A group of US scientists has been able to identify the 7 most harmful proteins of the Zika virus, a finding that may help better understand how that disease attacks the cells of the human body, according to a study published in Proceedings of the National Academy of Sciences.
The research, conducted by scientists at the University of Maryland School of Medicine, is the first to identify these proteins and is also the first to fully describe the zika's gene pool. "The mechanism of this virus has been a real mystery," acknowledged the study's lead investigator, Richard Zhao, a professor of pathology at the University of Maryland. "These results give us a crucial insight into how zika affects cells. We now have some really valuable clues for future research," he added.
To carry out their study, first, Dr. Zhao and his team separated the 14 proteins contained in the Zika virus, as well as their peptides, that is, the molecules formed by the covalent attachment of two or more amino acids. The scientists then compared the 14 proteins to the cells of a yeast species, known in English as fission yeast, and which in recent years has become a common method of unraveling how pathogens (microorganisms that cause disease) Affect the cells.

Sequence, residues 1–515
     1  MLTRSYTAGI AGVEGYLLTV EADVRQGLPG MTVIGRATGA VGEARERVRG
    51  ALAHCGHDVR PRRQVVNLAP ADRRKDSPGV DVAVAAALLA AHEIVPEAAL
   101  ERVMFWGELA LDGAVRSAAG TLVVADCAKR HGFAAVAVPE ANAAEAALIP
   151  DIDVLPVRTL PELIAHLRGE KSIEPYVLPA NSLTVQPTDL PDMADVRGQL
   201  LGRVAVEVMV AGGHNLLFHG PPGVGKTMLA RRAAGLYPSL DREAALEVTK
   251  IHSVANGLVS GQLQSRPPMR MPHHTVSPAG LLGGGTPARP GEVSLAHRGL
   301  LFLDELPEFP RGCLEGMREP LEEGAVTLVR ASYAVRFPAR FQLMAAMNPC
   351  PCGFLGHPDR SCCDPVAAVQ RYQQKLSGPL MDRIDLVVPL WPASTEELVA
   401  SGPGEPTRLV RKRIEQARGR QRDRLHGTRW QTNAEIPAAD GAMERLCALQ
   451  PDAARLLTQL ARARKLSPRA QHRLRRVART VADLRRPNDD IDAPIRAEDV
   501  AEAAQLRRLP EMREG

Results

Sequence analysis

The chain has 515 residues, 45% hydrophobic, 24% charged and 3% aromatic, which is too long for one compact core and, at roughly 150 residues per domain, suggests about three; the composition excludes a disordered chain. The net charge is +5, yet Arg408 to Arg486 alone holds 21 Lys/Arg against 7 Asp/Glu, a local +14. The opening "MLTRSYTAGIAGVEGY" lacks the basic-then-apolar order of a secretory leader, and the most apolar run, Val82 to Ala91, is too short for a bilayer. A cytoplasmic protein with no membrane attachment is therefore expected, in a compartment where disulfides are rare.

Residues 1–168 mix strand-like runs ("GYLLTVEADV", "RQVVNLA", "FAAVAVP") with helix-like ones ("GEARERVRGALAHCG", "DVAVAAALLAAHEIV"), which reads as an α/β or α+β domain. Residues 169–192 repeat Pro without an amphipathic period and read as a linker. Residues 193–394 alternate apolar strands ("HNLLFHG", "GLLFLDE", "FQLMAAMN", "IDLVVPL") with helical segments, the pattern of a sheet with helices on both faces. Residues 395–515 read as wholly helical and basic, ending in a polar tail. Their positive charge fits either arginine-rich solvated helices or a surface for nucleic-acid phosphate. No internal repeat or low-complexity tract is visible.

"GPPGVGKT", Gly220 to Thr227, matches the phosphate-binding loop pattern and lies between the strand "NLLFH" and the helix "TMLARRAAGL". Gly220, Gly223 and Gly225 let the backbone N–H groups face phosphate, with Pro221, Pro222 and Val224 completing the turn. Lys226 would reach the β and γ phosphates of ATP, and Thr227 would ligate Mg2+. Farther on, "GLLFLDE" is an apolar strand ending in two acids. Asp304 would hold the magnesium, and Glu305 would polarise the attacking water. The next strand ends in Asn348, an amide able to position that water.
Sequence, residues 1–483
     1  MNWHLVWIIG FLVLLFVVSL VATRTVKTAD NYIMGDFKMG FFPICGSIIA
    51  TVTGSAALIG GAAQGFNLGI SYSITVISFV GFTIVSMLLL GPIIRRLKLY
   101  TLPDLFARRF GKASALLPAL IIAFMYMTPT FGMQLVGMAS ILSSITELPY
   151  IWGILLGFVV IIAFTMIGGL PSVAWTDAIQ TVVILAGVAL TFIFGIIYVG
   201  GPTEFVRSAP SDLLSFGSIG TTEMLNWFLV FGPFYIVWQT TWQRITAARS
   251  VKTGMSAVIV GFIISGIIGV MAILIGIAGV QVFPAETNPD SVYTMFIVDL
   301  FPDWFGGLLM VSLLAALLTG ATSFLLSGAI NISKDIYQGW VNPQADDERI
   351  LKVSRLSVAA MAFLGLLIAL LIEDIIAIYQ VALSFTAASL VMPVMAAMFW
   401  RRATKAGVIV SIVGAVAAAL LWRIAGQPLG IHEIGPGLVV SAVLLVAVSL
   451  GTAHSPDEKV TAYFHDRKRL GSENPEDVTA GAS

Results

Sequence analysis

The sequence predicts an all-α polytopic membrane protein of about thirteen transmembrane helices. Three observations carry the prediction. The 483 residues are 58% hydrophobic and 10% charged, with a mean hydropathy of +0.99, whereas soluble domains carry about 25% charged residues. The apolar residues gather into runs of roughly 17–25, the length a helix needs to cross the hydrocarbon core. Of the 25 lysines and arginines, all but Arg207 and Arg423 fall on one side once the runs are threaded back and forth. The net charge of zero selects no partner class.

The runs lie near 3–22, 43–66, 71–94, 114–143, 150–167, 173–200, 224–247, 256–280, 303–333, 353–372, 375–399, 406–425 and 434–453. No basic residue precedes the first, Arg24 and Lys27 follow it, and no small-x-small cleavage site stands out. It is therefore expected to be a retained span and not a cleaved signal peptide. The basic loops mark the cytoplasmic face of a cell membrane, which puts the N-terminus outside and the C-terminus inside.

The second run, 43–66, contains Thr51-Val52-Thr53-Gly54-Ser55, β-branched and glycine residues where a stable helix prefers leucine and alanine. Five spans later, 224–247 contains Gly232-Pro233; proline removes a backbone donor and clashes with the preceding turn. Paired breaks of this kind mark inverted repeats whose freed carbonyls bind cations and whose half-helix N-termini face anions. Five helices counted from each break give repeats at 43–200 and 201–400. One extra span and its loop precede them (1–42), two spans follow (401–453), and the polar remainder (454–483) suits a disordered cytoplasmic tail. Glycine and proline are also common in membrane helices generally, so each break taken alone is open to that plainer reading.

Thanks to this innovative method, scientists were able to see that seven of these 14 Zika virus proteins were especially dangerous because they had damaged the yeast cells in some way, either by killing them directly, damaging them in some way or inhibiting their growth. The group of researchers intends to continue working on the Zika virus in order to better understand how these seven harmful proteins interact with the cells of the human body.
Transmitted by mosquitoes of the genus Aedes, the same that carries dengue and chikunguña, the Zika virus causes mild symptoms among the most infected, such as fever not very high, muscle and joint pain, as well as rashes and conjunctivitis.